• North of 60 spune:

        You’re welcome. Indeed both Romania and Bulgaria have been given a chance to override historical steps and neatly integrate within the European construct. Tony Judt was right although he made his predictions more than a decade ago: the current decade is the last chance Romania and Bulgaria could integrate within the European architecture. Unfortunately the current decade seems awfully short. We are dealing with populace and the December 2000 déjà vu between Iliescu and Vadim Tudor is back on the stage. There are very few options for the electorate and they are no good.

        The irresponsible geo-political decisions the political leaders in Romania are making are staggering. The recent intention to swing the country’s helm towards whoever pays more and asks no questions on how the money was spent (November’s Central and Eastern European summit in Bucharest) had triggered lots of red flags in Brussels. Bucharest is willing to change sides with little notice in order to preserve the political power and personal privileges.

        Time is running short for Romania Mr. Ross. Awfully short I’m afraid. It might not be up to the Romanians to make wise decisions. It could be that we’ll be stumbling upon tracks and jump in the wrong car as we did so many times in our history due to geo-political external pressure and the spineless attitude of our leaders.

        • cuman spune:

          democratia o face clasa politica si este facuta prin politicieni.
          asta e adevarul.
          romanii inca nu au invatat asta. o data la 4 ani aleg o fauna de cea mai joasa speta.
          nici nu ar avea cum, din moment ce aceia care sunt pe liste sunt impusi de catre fauna aleasa anterior. si tot asa.

          exista posibilitatea ca in timp romanii sa inteleaga faptul ca o clasa politica ( in integritatea ei, asa cum este acum) corupta, lacoma,rapace si profund ipocrita nu poate sa produca democratie.

          pina atunci insa mai avem.
          cu 2 pungi ( una cu zahar si alta cu ulei), 50 de lei si pliante inca se mai pot cumpara voturi si poti ajunge in parlament.asta e situatia acum.
          cu o numaratoare “adevarata” inca se mai pot manipula alegeri.

    • cuman spune:

      @north of 60

      “What we call Romania today is a very young construct about 100 years old”.
      Nu cred ca intelegi cam ce inseamna o natiune si cum a fost intemeiata natiunea romana.Poate iti faci timp sa mai studiezi putin ce defineste o natiune.
      Ai putea preciza cand si cum a aparut limba romana?De cat timp sa vorbeste limba romana si unde a fost vorbita initial? Incearca un raspuns.Poate afli dupa asta si cum a fost facuta natiunea despre care iti dai cu parerea.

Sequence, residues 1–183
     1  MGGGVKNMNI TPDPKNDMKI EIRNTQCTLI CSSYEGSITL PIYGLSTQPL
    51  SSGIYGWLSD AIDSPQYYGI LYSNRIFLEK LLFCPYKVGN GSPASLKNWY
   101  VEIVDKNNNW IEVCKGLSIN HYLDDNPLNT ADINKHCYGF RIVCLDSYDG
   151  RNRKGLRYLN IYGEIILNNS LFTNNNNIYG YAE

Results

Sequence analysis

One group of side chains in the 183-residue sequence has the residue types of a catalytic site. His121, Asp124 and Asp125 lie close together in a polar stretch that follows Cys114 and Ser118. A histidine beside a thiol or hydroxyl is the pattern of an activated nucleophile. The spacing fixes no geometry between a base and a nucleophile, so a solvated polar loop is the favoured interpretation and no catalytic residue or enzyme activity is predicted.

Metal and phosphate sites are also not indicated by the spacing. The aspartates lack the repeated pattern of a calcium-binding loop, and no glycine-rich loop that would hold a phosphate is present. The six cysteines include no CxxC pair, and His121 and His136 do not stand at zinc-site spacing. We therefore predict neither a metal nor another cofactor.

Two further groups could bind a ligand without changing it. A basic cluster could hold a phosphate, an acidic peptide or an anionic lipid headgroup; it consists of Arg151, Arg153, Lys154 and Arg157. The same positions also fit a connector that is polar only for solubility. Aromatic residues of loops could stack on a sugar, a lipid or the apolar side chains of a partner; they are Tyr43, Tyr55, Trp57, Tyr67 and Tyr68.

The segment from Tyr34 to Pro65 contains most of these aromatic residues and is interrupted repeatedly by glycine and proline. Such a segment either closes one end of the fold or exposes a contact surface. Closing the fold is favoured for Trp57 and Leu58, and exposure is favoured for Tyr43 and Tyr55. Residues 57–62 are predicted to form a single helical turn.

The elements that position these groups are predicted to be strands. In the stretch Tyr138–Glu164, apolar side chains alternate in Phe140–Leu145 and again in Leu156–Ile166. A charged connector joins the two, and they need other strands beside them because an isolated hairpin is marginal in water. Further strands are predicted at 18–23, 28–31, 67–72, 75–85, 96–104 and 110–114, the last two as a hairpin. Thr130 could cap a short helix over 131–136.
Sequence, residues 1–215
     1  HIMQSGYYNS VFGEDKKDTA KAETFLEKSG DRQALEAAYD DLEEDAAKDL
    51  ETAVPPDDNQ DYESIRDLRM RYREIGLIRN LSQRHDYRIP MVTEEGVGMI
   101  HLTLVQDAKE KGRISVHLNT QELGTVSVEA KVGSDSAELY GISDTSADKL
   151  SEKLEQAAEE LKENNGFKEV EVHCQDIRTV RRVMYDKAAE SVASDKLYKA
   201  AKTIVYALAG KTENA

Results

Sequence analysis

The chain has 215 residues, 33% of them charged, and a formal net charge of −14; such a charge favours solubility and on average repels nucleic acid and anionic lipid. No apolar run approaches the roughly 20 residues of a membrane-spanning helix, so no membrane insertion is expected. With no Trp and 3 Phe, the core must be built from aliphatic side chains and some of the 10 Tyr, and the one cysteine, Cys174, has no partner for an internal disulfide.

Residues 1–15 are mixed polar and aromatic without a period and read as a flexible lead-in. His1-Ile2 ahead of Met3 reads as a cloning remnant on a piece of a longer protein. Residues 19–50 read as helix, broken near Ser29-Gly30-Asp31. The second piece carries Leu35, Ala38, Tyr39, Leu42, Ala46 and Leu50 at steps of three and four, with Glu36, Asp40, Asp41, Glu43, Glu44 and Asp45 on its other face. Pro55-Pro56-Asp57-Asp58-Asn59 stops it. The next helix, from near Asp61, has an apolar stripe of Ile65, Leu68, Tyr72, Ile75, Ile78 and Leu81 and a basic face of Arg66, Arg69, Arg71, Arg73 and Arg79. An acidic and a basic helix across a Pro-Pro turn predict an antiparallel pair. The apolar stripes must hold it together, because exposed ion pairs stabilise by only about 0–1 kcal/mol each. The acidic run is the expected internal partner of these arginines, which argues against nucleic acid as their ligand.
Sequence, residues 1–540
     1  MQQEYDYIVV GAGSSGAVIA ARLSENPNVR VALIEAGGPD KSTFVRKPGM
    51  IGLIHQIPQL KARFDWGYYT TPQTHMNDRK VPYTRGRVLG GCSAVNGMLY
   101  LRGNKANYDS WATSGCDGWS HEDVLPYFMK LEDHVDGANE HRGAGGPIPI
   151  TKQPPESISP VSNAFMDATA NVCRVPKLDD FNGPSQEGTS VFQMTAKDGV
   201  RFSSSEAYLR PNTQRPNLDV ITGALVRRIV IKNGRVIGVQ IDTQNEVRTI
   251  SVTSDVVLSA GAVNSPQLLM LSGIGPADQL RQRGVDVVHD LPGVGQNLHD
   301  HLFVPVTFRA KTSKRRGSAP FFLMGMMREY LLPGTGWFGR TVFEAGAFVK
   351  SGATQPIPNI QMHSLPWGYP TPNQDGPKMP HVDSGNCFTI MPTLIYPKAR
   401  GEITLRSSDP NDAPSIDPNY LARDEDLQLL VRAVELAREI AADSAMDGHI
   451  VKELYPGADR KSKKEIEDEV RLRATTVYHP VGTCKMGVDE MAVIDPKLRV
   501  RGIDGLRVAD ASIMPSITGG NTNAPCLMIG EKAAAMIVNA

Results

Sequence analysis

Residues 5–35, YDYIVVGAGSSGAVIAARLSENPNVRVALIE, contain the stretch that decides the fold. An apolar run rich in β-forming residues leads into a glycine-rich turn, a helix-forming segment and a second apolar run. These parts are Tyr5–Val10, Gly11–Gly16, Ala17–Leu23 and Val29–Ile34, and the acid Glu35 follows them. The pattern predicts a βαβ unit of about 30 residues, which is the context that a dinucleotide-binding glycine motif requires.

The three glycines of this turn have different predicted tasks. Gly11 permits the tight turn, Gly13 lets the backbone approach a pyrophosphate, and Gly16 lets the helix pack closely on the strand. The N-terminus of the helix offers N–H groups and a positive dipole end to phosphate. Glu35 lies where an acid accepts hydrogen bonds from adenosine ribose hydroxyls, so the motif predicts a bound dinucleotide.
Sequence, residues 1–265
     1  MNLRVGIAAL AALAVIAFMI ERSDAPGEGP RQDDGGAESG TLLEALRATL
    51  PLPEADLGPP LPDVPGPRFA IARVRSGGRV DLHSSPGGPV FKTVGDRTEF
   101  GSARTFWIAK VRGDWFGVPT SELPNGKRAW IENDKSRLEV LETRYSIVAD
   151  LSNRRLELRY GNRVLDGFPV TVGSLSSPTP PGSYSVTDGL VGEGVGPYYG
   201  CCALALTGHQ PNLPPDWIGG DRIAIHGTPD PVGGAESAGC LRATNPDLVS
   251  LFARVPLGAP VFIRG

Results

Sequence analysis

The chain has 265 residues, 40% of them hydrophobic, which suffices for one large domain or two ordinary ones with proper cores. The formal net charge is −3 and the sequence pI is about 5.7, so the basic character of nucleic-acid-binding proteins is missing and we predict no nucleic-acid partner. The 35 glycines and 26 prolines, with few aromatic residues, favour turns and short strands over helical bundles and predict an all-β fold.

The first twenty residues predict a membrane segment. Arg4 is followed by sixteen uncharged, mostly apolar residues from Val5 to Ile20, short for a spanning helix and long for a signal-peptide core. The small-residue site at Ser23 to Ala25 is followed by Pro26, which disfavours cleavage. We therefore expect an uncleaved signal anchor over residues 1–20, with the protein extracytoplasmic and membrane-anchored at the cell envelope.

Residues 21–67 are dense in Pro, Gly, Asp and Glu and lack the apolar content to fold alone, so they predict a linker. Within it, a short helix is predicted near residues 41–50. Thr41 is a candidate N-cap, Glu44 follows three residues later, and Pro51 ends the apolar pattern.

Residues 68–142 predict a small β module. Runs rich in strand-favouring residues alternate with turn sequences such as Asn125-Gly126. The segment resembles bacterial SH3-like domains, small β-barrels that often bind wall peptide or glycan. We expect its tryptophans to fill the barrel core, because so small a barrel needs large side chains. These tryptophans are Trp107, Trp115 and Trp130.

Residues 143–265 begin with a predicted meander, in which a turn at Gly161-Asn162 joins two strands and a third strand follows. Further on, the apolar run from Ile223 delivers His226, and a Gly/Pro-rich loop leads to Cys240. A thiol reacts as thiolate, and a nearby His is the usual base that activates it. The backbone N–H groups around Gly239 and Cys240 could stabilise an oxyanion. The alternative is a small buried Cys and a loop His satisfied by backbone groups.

Recunosc ca nu am avut norocul britanicilor , sa fim inconjurati de ape si sa nu reuseasca nimeni timp de 1000 de ani sa cotropeasca teritoriile.

      “The Romanians are very much a nation still in need of defining its own identity.”

      Cred ca Sir Winston Churchill ti-ar putea spune ce inseamna asta avind 50 de ani de ocupatie comunista la origine ruseasca.A contribuit si Sir Winston Churchill din plin la asta.Regretele sunt tardive. Eu unul nu il voi ierta pentru faptul ca ne-a lasat pe mina lor.

      In urma venirii comunismului aici INTREAGA elita intelectuala si TOTI proprietarii au fost decimati.
      Fa un exercitiu de gandire si incearca sa realizezi ca ar face UK daca s-ar intampla asa ceva la ei.
      Pare incredibil ca am ajuns asa astazi, nu?

      “for a gipsy is so easy to break the law because through their culture and low work skills they have very few options to remain within the law”

      as fi curios cum te-ai fi descurcat ca tigan, si ce optiuni ai fi avut in conditiile de aici.nu lipsa eductatiei si nici lipsa calificarilor te scot in afara legii.aici esti mult pe linga logica.
      lipsa de optiuni si de sanse ii face sa devina proscrisi.ma repet, oricat ai fi de inteligent, as fi curios cum te-ai fi descurcat cu stampila de tigan pe frunte, pe cartea de identitate( daca ai fi avut) si pe viata in general.

      “Good for the UK! Congratulations, I sincerely mean it because it deserves it. It has the economic power, social infrastructure and the wisdom to absorb desirable human resources to push the country forward.”

      N-as crede.La ultimele inundatii in UK zile intregi zeci de mii de britanici au facut craciunul cu casa inundata si fara posibilitatea sa vada vreo reactie notabila din partea guvernului Cameron.
      Asta e adevaratul economic power?
      Ce spui face parte din orgoliul britanic insa e pura declaratie, doar ca sa te imbarbatezi un pic.Mai bine ai spune cati britanici pleaca anual din UK…:)))).

      Cheers

      • North of 60 spune: